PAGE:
Brexit explainer: What is the latest deal on Northern Ireland about?
EU and UK have reached agreement on how Irish Sea border checks will work post-Brexit
Given that Northern Ireland will abide by EU regulations and the rest of the UK will not, checks of some kind are needed on goods entering Northern Ireland from Britain. Photograph: Peter Morrison/AP
What has been agreed on Northern Ireland? Simon Carswell and Naomi O’Leary examine the detail:
The EU and UK have agreed in principle on the operation of the Northern Ireland protocol, which was part of last January’s Brexit withdrawal agreement - to avoid a hard border on the island of Ireland after the New Year.
So this has nothing to do with a possible trade deal?
Not really. The two sides still have not reached agreement on that.
But will this help secure a trade deal?
Possibly. It certainly improves the mood music. Most importantly, the protocol agreement means the UK has abandoned proposals that threatened to breach international law, that angered the EU side and even many of their own people.
What was the Northern Ireland protocol about again?
It pushes EU- UK checks to the Irish Sea border, avoiding checkpoints on the Irish land border. Under it, NI will follow the EU’s customs rules and “single market” rules. Goods travelling between NI and the Republic will not be checked.
Why didn’t both sides figure this out last January?
It’s complicated. January’s deal, despite Johnson’s claim that the Brexit divorce deal was “oven-ready”, still required considerable work to make it operate in practice.
What is complicated about it?
Given that Northern Ireland will abide by EU regulations and the rest of the UK will not, checks of some kind are needed on goods entering Northern Ireland from Britain.
Tariffs – taxes on goods crossing economic borders – would have to be paid on any EU-bound goods. That is, of course, if the current talks end without a free trade deal.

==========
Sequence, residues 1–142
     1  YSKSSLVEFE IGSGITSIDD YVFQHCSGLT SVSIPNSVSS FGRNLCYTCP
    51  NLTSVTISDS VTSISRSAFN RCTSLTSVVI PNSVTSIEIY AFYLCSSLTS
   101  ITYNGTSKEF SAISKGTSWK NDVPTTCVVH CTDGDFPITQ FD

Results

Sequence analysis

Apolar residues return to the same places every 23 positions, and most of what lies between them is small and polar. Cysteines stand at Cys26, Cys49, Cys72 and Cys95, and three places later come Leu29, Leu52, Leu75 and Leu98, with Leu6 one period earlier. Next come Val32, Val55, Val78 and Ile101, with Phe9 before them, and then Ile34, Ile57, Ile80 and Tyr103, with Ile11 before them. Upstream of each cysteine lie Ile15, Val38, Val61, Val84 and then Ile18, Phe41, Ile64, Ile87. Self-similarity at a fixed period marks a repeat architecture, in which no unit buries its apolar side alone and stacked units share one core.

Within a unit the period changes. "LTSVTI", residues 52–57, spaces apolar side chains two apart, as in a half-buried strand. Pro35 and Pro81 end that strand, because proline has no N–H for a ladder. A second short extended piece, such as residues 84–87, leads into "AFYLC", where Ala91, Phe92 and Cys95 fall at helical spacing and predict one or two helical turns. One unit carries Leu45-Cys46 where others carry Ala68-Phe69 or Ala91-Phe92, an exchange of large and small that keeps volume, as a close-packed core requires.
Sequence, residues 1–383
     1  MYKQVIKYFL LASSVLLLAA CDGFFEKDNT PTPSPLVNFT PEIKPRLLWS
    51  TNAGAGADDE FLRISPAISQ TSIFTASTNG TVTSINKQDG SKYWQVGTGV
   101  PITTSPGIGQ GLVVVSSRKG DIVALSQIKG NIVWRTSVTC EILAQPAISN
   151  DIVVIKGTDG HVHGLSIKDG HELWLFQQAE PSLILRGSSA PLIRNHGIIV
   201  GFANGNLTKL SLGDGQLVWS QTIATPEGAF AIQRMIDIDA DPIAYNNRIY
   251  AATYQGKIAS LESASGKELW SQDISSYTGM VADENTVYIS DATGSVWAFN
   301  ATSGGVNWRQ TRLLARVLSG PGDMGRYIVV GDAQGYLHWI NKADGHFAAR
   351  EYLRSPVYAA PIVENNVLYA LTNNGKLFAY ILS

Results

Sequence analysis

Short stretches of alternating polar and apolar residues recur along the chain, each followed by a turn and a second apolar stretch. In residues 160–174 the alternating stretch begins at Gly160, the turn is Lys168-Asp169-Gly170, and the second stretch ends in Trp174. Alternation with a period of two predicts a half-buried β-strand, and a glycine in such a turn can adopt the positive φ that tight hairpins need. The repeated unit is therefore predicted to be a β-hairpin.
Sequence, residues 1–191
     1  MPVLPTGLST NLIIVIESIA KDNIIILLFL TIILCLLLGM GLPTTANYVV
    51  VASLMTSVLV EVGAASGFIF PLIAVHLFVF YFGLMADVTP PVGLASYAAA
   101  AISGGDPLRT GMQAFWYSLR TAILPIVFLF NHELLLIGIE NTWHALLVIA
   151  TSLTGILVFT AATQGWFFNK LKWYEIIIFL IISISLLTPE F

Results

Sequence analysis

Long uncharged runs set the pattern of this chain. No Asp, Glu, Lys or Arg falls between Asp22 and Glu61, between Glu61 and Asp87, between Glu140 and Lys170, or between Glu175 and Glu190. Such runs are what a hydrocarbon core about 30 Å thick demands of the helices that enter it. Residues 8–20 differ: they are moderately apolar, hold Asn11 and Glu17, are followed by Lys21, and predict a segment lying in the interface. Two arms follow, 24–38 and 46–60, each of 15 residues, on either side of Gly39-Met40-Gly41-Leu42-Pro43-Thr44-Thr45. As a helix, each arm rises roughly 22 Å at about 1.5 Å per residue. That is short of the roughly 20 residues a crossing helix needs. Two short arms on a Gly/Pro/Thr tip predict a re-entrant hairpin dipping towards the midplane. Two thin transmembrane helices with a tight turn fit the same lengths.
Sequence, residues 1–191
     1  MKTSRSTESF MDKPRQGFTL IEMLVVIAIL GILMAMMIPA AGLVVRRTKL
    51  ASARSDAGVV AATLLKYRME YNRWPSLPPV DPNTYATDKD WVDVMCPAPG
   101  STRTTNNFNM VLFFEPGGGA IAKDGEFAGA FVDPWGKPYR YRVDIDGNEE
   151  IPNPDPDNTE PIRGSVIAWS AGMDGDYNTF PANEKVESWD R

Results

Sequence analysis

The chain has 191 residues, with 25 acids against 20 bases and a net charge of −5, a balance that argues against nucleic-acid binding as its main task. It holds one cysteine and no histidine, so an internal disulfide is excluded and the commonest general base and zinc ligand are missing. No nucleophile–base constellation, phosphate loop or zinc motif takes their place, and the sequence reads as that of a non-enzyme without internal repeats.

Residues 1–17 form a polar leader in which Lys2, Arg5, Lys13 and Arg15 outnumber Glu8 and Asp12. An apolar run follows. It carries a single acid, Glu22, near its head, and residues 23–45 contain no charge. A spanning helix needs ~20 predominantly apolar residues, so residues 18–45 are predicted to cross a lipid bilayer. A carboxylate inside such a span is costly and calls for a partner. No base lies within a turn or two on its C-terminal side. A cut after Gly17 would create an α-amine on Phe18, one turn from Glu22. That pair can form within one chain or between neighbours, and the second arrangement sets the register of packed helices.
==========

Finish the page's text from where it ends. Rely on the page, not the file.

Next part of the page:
Animal and food products in NI must comply with EU standards, complicating life for UK supermarket chains supplying NI shops with chilled meats, sausages, mince meat and unfrozen ready meals from Britain.
Under EU food safety rules, meat imports into the EU must be frozen, so this would have wreaked havoc with supply chains between Britain and NI - a danger that caused NI politicians to complain loudly.
Were there other complications?
Yes, political ones. Unionists were deeply unhappy about checks on goods moving between Britain and Northern Ireland, saying that would destroy the UK’s own internal market.
How will the protocol “fix” work?
Big UK supermarket chains will be regarded as “trusted traders”, thus avoiding checks for three months, or so : “British sausages will continue to make their way to Belfast and Ballymena in the new year,” Gove told the Commons.
Will this last forever?
No. There is another grace period, of up to six months to allow UK supermarkets to source NI-bound meat, sausages, etc from the Republic, or elsewhere in the EU.
What about tariffs on goods moving from Britain into Northern Ireland?
Trusted traders will not have to pay tariffs for NI-bound goods. Smaller companies will get tariffs back if they can prove that the goods stayed there, though it is not clear yet how they will prove that.
What about goods heading into Northern Ireland bound for the Republic/EU?
These will face the same controls as anything going to the EU, so that will complicate the lives of hauliers carrying goods on the same lorry to NI and the Republic.
What about documentation on goods moving from Northern Ireland to Britain?
NI firms will not have to submit exit summary declarations. Instead, existing manifests data held by shipping companies will be used. The EU says this will will contain “equivalent information” rather than the “sufficient information” the UK had proposed.
Will these arrangements last in perpetuity?
No. The trusted trader scheme will run for 3 1/2 years. The EU can apply a brake if it suspects that goods are being smuggled into the EU through NI without checks or tariffs.
Any other issues?
Yes. The EU and UK must agree rules to ensure that British firms with NI interests do not abuse state aid rules.
Does this deal mean the EU will have an Northern Ireland office?
Bizarrely, no. The idea of that was toxic for the British side, so “hotdesking” will be the order of the day for 15 EU officials: “There will be no Belfast mini-embassy or mission, as some in the EU originally sought,” said Michael Gove.